"I don't recognize your authority to relieve me": William Windom as Commodore Matt Decker in "The Doomsday Machine" (Star Trek 206).
© CBS Television Distribution
Windom's Commodore Decker appeared as a broken Federation hero in one episode of classic Star Trek, "The Doomsday Machine" by future Hugo Award-winning novelist Norman Spinrad. In an episode already chock-full of evocative imagery--the shocking reveal of the damaged Enterprise-twin Constellation; the maimed ship staring down the shimmering gullet of the implacable planet-killer--Windom gave us a rich and fascinating look at a great captain unmoored in the tradition of Ahab and others like him.
But the most powerful effects of his performance were how it reflected and reverberated in the characters around him: Kirk, looking on Decker appalled, seeing a catastrophic version of himself; Spock, grimly squaring off against a superior officer who needed to be relieved not because he was insane but because he would not, could not, make the right decision. Shatner and Nimoy are at their best here, in an episode that was not only well written and shrewdly directed, but which had at its center a guest artist who knew exactly what was needed from him.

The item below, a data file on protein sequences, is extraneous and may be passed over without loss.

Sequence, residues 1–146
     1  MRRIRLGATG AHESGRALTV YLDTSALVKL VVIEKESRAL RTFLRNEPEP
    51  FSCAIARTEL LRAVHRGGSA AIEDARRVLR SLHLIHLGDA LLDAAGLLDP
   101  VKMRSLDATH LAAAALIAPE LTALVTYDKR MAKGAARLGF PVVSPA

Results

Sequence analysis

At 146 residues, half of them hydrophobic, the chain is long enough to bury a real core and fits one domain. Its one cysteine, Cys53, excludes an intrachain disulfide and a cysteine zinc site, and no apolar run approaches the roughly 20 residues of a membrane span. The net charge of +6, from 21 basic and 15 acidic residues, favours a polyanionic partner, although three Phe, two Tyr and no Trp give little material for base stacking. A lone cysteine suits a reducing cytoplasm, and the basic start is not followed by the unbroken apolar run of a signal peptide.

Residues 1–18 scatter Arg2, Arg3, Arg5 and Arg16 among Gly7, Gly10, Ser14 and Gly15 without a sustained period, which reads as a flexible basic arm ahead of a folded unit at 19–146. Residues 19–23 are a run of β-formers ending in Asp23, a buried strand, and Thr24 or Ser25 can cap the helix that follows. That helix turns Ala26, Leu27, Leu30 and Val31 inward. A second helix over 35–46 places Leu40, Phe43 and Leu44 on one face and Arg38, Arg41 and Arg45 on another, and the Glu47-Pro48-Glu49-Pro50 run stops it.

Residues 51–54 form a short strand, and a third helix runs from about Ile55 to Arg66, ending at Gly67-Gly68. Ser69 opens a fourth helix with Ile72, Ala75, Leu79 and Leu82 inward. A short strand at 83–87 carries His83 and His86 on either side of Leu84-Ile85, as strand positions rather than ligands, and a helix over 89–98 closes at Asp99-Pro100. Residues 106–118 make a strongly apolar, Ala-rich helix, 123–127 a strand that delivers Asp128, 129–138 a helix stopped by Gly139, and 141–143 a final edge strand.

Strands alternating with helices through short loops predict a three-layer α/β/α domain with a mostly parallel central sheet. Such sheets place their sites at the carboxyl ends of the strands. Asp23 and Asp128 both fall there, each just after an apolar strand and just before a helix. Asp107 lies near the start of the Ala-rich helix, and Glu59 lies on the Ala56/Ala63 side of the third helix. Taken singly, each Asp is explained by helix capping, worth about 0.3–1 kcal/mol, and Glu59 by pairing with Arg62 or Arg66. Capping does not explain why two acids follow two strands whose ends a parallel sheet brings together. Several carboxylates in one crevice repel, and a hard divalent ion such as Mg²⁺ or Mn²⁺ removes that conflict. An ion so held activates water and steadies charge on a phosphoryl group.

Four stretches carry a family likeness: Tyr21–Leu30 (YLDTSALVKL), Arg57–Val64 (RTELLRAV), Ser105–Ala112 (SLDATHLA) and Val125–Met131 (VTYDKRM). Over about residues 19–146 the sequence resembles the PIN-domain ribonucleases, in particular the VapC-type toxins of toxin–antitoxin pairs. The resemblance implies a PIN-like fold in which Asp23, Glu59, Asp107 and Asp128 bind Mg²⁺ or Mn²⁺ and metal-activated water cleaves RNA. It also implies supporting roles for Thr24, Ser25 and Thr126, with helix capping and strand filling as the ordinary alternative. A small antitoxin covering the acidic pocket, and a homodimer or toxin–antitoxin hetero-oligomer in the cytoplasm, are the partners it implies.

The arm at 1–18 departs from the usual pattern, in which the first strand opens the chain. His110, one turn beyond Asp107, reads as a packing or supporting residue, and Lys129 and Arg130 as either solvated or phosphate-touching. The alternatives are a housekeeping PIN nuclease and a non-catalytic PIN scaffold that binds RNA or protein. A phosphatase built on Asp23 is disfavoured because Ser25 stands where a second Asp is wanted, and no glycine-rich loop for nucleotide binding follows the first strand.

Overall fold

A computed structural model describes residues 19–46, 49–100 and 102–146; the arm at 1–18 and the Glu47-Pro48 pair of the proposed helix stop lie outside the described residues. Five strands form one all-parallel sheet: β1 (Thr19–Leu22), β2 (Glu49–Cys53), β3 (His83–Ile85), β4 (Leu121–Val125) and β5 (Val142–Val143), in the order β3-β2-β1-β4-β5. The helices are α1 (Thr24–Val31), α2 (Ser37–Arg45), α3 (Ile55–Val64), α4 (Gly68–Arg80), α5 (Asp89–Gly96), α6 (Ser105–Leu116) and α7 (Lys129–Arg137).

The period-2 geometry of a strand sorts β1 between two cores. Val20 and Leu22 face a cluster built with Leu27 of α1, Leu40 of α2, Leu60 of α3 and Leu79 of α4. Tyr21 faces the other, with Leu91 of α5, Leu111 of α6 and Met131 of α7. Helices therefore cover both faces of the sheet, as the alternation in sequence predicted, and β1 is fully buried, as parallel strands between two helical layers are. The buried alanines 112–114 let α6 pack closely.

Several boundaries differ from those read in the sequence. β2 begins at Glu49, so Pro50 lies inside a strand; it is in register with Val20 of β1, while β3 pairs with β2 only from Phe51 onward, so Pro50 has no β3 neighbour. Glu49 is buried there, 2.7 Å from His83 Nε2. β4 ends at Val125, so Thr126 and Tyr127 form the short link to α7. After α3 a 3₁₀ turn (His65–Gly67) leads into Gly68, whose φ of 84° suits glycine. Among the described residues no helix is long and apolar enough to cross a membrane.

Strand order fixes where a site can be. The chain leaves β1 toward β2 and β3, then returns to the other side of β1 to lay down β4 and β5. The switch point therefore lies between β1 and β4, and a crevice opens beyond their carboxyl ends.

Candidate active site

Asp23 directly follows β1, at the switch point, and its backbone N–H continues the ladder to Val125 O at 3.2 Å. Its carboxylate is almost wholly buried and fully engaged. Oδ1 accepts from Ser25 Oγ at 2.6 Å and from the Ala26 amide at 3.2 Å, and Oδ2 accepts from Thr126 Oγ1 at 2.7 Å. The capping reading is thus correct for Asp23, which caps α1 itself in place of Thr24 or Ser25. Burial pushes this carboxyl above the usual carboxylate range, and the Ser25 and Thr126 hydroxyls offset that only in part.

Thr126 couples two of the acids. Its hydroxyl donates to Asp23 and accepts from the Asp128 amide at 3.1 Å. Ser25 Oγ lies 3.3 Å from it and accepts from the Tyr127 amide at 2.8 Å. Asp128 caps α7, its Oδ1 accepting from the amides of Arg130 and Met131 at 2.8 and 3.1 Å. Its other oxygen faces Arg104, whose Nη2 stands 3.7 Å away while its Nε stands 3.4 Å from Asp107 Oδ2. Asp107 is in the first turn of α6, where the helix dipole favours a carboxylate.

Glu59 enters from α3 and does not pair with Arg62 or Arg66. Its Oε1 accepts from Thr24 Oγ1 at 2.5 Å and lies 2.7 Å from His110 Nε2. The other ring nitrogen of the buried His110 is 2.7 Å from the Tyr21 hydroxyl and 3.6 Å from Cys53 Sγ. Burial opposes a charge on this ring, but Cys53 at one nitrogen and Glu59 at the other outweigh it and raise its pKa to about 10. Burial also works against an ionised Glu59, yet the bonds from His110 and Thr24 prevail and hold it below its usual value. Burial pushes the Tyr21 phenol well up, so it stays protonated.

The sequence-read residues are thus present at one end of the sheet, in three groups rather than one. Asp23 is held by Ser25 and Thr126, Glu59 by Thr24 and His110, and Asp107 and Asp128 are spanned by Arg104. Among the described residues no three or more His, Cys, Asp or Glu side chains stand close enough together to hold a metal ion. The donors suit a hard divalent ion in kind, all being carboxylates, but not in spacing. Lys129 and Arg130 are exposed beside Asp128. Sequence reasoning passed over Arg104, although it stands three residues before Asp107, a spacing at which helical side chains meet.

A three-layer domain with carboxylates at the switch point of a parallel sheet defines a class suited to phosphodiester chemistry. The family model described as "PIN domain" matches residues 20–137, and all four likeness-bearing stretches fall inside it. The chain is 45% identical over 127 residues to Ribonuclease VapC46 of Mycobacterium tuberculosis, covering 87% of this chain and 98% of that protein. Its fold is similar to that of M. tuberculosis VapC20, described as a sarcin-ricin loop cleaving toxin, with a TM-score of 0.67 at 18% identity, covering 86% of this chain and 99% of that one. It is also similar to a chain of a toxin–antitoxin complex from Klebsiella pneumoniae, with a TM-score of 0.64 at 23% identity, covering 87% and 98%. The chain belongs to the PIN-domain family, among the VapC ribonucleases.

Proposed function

This kind of superior guest performance was what Windom did best. He was in scores of series, and his movie roles are supporting roles approached from the same principle (his first feature role was as the prosecutor in To Kill a Mockingbird). Just his sci-fi credentials, in addition to Star Trek, include two episodes of The Twilight Zone ("Five Characters in Search of an Exit" and "Miniature"), Escape from the Planet of the Apes (1971) with Roddy McDowall, and two episodes of Rod Serling's Night Gallery shortly after; later he showed up in The Incredible Hulk, Fantasy Island, The Greatest American Hero, Automan, Knight Rider, and Space Rage, alongside dozens of other one-offs in straight dramatic series, an Emmy-winning starring role in My Life and Welcome to It, and frequent recurring appearances on Murder She Wrote.
To any actor who finds himself or herself approaching a meaty guest starring role in an established series, Windom's body of work is your primer. This is how you do it.
|Tags: Star Trek, William Windom|
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